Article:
This railroad crossing is the only urban remain of the town of Lucin. It was founded as a watering station for steam locomotives, the Lucin Ponds were reservoirs of the water collected through a pipeline from the melting snows of the nearby Pilot Mountain Range. Where the ponds used to be there are clumps of surprisingly tall cottonwood trees. They are now protected as an important resting site for migratory songbirds, attracted by this small patch of shade and water in the Great Basin Desert. On our way to see Nancy Holt's Sun Tunnels we waved hello to the railroad engineer inspecting this crossing. We had to drive three hours until crossing paths with another car, the driver waved hello and we waved back. I imagine that we too were the first people he saw in hours.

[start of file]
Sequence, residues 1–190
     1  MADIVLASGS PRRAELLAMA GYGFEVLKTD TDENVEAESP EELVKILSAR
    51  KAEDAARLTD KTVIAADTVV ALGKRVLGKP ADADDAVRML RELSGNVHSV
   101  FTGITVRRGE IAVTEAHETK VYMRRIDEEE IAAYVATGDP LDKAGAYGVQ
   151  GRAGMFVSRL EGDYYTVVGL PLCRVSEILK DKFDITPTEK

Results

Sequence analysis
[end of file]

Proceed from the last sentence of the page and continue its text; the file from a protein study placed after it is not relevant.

The Spiral Jetty seems to be a device to promote a journey through a series of historical sites. It has the effect of bringing past events to our present experience, and in that sense is a Kublerian work. Driving from Salt Lake City for a couple of hours it takes us to the Golden Spike National Monument, and the history of the Union Pacific Railway. Smithson built his work on the centennial of the railway connection between the East and West coasts of the United States. Moreover, the first jetty we see when arriving to Rozel Point is the ruin of a former oil drilling site. In 1970, the Spiral Jetty was situated on a terrifying site, with blood red water, caused by the Lucin Cutoff, an engineering 'earthwork' in which a railway line cut the Great Salt Lake in two. The oil prospection at the site continued up to the end of the 20th century. Here we only see remains, but a few decades ago this place smelled of crude oil and was scattered with dead birds.